Human remains unearthed by contractors working on a pipeline in west Wales have been identified as specimens used by the medical profession or students.
Police put up a tent at the scene of the discovery at St Clears
Police started an investigation after a thigh bone and other fragments were found near St Clears, Carmarthenshire.
A Home Office pathologist was called in and an incident room set up.
But Dyfed-Powys Police confirmed on Friday that the remains were medical specimens likely to have been dumped with rubbish at the site in the 1940s.
The human thigh bone and other bone fragments were found in the field by contractors preparing the ground for a liquefied natural gas (LNG) pipeline from Milford Haven.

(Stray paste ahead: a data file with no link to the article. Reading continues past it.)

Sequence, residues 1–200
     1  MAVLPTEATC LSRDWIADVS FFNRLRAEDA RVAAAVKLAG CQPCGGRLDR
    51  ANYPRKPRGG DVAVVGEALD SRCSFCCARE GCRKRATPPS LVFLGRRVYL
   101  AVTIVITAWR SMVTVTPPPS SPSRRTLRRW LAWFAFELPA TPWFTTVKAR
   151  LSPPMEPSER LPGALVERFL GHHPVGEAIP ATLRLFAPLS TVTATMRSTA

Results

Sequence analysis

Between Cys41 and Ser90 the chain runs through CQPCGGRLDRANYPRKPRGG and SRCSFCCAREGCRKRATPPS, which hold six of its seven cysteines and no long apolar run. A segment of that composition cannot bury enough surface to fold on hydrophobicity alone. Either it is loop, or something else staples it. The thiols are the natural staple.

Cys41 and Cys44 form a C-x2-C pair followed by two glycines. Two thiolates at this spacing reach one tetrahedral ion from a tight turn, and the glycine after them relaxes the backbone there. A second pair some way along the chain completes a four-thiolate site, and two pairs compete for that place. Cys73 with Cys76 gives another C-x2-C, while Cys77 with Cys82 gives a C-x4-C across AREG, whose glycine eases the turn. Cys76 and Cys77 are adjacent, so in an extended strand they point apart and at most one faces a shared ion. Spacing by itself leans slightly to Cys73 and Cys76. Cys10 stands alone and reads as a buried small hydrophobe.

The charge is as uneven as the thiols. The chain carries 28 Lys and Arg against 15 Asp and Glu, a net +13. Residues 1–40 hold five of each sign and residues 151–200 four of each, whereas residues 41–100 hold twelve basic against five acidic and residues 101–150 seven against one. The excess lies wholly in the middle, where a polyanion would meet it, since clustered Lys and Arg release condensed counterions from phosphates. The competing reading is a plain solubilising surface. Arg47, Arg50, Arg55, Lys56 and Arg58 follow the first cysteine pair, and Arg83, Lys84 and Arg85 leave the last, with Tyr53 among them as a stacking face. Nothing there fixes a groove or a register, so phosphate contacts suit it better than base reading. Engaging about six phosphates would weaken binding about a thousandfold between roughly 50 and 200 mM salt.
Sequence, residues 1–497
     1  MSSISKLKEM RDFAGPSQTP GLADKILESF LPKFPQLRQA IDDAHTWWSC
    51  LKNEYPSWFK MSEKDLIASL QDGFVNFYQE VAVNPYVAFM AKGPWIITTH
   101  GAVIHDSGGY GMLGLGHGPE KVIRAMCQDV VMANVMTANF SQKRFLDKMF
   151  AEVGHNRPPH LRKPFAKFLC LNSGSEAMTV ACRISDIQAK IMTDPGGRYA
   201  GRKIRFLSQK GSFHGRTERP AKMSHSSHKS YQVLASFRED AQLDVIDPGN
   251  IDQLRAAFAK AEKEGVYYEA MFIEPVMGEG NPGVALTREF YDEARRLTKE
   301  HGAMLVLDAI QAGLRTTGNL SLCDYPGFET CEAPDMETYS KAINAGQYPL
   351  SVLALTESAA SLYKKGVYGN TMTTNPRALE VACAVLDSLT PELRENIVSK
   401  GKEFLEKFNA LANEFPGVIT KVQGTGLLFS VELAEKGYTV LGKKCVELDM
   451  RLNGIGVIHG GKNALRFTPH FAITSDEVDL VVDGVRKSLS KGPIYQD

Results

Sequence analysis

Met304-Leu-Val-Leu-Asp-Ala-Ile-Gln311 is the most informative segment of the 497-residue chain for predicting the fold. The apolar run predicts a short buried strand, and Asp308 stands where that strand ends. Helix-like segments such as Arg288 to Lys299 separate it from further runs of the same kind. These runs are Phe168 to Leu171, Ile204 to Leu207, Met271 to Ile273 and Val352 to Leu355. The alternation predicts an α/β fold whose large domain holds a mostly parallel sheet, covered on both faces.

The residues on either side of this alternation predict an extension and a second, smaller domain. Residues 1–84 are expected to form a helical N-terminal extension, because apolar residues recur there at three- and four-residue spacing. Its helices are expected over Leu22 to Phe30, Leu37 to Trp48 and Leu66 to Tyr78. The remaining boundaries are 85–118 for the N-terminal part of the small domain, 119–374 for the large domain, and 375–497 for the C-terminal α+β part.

Police erected a tent and conducted an examination of the scene.
Officers said they were checking missing person files and previous murder cases for clues to who the remains belonged to.
But the Dyfed-Powys force confirmed on Friday that the remains were anatomical specimens used in the medical profession.
The force said they were likely to have been used by a medical practitioner or student some time during the 1940s and may have been dumped with rubbish at the site.
Police added that the remains were not connected with any criminal activity but the force remained interested in establishing their origins.
A statement read: "We would like to thank members of the public and the media for assisting in bringing this puzzle to a satisfactory conclusion."